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What you need to know for 12/11/2017

Book offers Amsterdam's top 10 lists

Book offers Amsterdam's top 10 lists

A fun look at city's past
Book offers Amsterdam's top 10 lists
Downtown Amsterdam in 2014.
Photographer: Gazette file photo

When he was a child in the 1960s, Michael Cinquanti’s grandmother gave him and her other grandchildren a highball with a half shot of Seagram’s whisky and ginger ale to welcome in each New Year.  When Michael turned 10, the amount of liquor increased slightly.

Michael’s parents were usually celebrating New Year’s Eve at the St. Agnello’s Club, the one occasion every year when they would dress up and go out for a night on the town.

Back at grandma’s on Leonard Street in Amsterdam’s West End, when midnight struck one of Michael’s uncles, dressed in his long johns, would go out in the street and fire a round from his shotgun to welcome the New Year.

Cinquanti said, “I can’t tell you how many people who lived in that neighborhood who read that story in [the section on local traditions] in my new book came up to me and said, ‘That was your uncle!’”

Cinquanti’s new book is “Fifty Amsterdam N.Y. Top Ten Lists.” The book contains more than 200 pages packed with nostalgic lists and photos of greatest local heroes of World War II (Richard Marnell and Reverend Anthony Sidoti); top athletes (in boys basketball Todd Cetnar and Tim Kolojay; in girls basketball Nina Fedulla and Brittany Stahura); best pizza makers (Bottisti’s and Russo’s); most effective church leaders (Rev. Frank Rhode and Rabbi Samuel Bloom); most successful women (former Lt. Gov. Mary Ann Krupsak and singer Inez Courtney) and most memorable plays directed by drama teacher and high school principal Bert DeRose.

Cinquanti, a lifelong resident very active in the community, had help compiling the lists from many people and asked experts in various fields to come up with some of the lists.

DeRose at first was reluctant to make a top 10 lists of his plays saying, “Oh my, they were all my favorite.” DeRose directed plays during the school year and put on a musical each summer for the city Recreation Department.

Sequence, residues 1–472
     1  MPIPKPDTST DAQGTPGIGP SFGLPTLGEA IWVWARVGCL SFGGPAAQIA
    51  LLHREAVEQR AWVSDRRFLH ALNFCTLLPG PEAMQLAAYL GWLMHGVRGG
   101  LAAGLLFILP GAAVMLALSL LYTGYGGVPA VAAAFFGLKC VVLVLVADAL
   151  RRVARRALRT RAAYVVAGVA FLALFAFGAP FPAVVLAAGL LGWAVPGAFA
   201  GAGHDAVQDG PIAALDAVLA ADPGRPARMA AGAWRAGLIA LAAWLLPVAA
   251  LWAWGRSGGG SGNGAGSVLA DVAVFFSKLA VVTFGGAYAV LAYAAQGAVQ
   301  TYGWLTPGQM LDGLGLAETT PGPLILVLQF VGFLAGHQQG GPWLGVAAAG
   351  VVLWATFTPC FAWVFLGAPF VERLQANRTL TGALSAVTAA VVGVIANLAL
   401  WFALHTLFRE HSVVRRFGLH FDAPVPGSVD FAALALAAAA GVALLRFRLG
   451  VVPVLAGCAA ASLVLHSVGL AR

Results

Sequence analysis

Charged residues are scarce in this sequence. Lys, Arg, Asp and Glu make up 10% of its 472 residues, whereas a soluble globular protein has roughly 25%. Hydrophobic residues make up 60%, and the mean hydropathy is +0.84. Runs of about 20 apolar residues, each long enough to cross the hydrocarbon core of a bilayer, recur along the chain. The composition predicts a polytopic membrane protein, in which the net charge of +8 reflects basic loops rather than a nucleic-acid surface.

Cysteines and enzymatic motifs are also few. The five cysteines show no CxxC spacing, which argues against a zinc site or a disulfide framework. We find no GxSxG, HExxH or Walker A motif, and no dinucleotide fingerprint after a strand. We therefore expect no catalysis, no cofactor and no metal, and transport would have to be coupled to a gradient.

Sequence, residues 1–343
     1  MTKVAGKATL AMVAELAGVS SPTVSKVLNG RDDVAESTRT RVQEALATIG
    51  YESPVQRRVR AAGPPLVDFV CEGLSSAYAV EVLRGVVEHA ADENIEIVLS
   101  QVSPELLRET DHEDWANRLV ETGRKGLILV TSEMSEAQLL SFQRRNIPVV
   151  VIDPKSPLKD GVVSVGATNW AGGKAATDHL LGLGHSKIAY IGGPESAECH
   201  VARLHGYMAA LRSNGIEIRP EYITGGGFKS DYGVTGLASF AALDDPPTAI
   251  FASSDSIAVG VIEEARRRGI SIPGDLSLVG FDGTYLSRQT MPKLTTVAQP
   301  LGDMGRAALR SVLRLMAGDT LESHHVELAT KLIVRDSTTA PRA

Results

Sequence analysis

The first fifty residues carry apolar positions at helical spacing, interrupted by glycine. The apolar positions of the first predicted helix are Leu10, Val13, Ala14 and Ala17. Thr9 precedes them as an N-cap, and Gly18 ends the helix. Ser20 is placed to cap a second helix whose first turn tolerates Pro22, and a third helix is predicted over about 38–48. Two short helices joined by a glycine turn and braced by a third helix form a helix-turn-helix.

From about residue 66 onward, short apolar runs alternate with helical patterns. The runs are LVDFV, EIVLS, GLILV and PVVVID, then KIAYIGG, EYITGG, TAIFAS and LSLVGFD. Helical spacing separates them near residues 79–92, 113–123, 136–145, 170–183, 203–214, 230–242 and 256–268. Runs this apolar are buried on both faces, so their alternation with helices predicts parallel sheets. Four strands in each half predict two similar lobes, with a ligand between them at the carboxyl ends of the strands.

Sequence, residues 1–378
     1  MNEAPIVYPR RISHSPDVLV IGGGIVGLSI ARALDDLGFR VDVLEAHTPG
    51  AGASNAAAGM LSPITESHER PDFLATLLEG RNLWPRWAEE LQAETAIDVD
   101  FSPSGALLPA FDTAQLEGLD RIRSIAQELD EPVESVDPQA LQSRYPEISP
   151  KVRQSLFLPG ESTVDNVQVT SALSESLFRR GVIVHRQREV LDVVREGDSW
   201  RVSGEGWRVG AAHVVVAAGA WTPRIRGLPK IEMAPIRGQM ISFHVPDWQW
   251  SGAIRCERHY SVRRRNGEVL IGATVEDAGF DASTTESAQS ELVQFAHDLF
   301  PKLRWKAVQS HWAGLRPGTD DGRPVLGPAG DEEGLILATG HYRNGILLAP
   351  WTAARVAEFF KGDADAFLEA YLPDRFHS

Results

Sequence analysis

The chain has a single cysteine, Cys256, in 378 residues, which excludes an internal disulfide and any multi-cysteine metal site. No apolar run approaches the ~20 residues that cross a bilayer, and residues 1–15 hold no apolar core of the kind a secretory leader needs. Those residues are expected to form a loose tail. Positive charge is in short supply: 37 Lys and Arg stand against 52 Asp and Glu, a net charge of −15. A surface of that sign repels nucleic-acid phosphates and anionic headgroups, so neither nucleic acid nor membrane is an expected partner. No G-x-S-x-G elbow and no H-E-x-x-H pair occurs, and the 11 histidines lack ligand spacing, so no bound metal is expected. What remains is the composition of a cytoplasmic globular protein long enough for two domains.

Ultimately, DeRose led off his list with the 1958 summer production of “Oklahoma.”  Chester Kukiewicz played the male lead.  As Chet Curtis, he went on to be a longtime popular TV news anchor in Boston. Curtis died in 2014. Cinquanti said DeRose’s productions were “our Broadway.”

Cinquanti’s favorite lists are of top traditions and pastimes in the city. Those sections are longer than the others and in memoir style get into favorite activities when Amsterdam was a prosperous mill town such as bowling (Michael got his first bowling ball at age 6); ice skating (the perils of the skating line); gambling on numbers (“if Amsterdam had its own Olympics, playing numbers would be a medals competition”); parades (the World War II victory parade was largest); visiting a neighborhood bar (Pink and Rock, Ivy Leaf) and sitting on the porch.

Cinquanti wrote, “Amsterdam’s front porches also served as juvenile jails for kids who were being punished for misbehaving. ‘You take one step off that porch and you are going to get it good mister.’”

Snow ball fights were legendary and sometimes dangerous.  Cinquanti attended Guy Park Avenue Elementary School where students were divided into two camps.  River Rats, like Cinquanti, lived south of the avenue. Hillbillies lived north of Guy Park going up the hill.

Cinquanti wrote, “The two camps would stand on the opposite sides [of Guy Park Avenue], fifty or sixty strong and hurl snow balls and chunks of ice at each other until a teacher at the school or a passing law enforcement official forced us to disband.”

Cinquanti’s book is available at Liberty Fresh Market and The Bookhound in Amsterdam and at genium.com/book.

Bob Cudmore is a freelance columnist. Opinions expressed in his column are his own and not necessarily the newspaper’s. Anyone with a suggestion for a Focus on History topic may contact him at 346-6657 or bobcudmore@yahoo.com.

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